Dr. Christian Dorsey, Director of External & Governmental Affairs at the Economic Policy Institute spoke on Equality. Dorsey’s thesis on “Inequality of Opportunity” whether related to economic growth, race based considerations, or depending upon educational achievements highlighted the phenomenon of social discontent in American society. He expressed his dissatisfaction with the polarization of the country. To address the issue of inequality, he believed that trade unions do play an important role but unions’ approach is not an exclusive solution. He opined that de Tocqueville being a lawyer could have justified consensus policy either way.
The Third Session speaker Marc R. Rosenblum, Senior Policy Analyst at Migration Policy Institute and a former member of Obama’s Immigration Policy Transition Team gave a thorough review of Historical Perspective of migration to this country from the Colonial Period (1500 – 1760). He clearly indicated the various reasons for differing immigration policies suited to the particular period including ban on certain geographical regions or people such as Asian Exclusion Act of 1917. He further explained the reasons why at certain times there was a high volume of immigrants to this country and at other times the number was lowest. He also pointed out migration through Slavery – involuntary migration and the historical importance of Civil Rights Movement.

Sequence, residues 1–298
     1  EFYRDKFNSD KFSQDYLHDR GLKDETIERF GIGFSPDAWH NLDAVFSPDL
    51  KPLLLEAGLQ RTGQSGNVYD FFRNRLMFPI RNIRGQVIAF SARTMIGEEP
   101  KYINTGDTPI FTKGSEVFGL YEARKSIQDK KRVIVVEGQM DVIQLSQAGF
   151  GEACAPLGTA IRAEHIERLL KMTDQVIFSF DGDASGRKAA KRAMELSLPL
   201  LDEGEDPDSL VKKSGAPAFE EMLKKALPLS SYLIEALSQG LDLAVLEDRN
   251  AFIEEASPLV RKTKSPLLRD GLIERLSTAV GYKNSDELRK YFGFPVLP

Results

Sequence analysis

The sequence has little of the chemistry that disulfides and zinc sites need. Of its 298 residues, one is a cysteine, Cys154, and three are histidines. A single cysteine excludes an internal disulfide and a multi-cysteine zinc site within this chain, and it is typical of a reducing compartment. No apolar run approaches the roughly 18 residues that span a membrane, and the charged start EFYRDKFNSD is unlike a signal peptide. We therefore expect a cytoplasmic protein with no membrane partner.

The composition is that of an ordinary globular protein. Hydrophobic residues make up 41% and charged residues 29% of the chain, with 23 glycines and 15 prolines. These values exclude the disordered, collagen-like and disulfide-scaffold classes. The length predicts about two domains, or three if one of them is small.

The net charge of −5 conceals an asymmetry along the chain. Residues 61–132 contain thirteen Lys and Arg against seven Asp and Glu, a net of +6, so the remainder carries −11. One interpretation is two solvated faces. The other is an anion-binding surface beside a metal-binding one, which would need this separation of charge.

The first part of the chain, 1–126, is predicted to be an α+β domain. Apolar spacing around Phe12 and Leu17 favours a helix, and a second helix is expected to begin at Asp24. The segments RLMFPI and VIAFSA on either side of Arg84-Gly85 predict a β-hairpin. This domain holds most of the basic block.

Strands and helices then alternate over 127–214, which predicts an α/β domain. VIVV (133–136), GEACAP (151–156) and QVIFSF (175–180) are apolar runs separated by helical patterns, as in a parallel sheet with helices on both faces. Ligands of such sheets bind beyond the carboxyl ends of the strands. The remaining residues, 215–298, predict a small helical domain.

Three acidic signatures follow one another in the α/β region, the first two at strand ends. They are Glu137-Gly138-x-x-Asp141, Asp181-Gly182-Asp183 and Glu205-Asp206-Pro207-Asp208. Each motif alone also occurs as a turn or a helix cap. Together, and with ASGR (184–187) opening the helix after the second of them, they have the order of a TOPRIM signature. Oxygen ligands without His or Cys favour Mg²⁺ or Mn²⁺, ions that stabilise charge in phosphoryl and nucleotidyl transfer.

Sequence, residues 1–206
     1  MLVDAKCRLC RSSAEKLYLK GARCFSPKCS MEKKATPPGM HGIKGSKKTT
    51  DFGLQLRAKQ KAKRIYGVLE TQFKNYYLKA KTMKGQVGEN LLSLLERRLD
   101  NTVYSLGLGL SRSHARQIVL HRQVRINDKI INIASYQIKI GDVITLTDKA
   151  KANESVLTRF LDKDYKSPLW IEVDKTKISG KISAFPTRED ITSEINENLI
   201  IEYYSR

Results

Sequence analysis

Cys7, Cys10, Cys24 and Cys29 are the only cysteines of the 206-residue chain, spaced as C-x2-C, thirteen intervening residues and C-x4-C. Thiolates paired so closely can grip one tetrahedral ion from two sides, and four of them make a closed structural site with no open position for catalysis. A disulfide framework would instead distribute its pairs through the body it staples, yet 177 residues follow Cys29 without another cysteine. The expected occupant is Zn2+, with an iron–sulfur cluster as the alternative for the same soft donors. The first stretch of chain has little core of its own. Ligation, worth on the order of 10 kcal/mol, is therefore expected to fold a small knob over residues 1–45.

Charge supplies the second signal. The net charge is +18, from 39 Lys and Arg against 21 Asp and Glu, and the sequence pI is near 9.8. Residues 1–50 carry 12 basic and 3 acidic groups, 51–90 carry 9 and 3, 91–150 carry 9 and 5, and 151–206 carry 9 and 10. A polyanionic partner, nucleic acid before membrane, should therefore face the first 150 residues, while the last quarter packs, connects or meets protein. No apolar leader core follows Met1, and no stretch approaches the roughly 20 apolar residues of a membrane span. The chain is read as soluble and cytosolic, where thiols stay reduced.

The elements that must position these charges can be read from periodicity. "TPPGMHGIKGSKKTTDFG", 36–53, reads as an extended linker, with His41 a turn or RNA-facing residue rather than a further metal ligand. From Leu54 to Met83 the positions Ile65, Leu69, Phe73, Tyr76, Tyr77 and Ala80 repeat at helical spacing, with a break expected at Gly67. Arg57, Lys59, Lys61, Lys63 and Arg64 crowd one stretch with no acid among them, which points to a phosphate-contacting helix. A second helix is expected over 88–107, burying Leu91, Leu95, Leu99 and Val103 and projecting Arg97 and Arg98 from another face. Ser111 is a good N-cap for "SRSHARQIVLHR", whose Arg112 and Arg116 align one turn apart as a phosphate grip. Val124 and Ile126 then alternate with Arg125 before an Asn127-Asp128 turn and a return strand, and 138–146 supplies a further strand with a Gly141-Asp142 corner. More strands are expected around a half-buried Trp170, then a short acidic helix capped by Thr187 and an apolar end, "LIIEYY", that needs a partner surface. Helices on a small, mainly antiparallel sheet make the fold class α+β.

During the question/answer session a heated debate ensued when Dr. Piyush Agrawal of Florida, Vice President of GOPIO- North America, made the distinction between “legal” and “illegal” immigrants and branded the “illegal immigrants” as “law breakers.” On an inquiry, Prakash Khatri Esq., the former Ombudsman at US Citizenship & Immigration Services at the US Department of Homeland Security ( one of the conference attendees ) informed other participants that if a Mexican wishes to migrate to USA today legally, it would take him/her more than 100 years to get an appropriate visa. Participants wondered aloud “no wonder the US-Mexican Border is broken” and US has miserably failed to protect its borders. Dr. Schneider remarked on the “Politics of Immigration” and how it has created a “divisiveness” and “tension” in our civil society.
Dr. David M. Anderson, Senior Vice President, State and Congressional Relations, the Washington Center for Internships and Academic Seminars spoke on Civic Engagement. Dr. Anderson started with a dichotomy of Civic Engagement and Digital Technology Isolation and posed the question “Is internet helping USA to solve America’s social problems?” To him, technology is “value neutral” but has been effectively used by terrorists, used in identity theft, used in influencing political outcomes. At the same time, it has been put to some good use in civic engagement; for example, 46% campaign contributions during 2008 elections came through internet. The internet system has made a great impact on volunteerism. He talked about a few models of citizenship that are based upon civic engagement, party loyalty, well Informed and virtue based model of citizenship. He highlighted the strengths and weaknesses of each model and how they serve the citizenry through civic engagement.
Throughout the Conference the idea of what Tocqueville would have thought of USA today vis-à-vis his thoughts of USA as written by him in his book “Democracy in America” published in 1835.
The Conference was hosted by Syracuse University and Sponsored by Hill & Knowlton.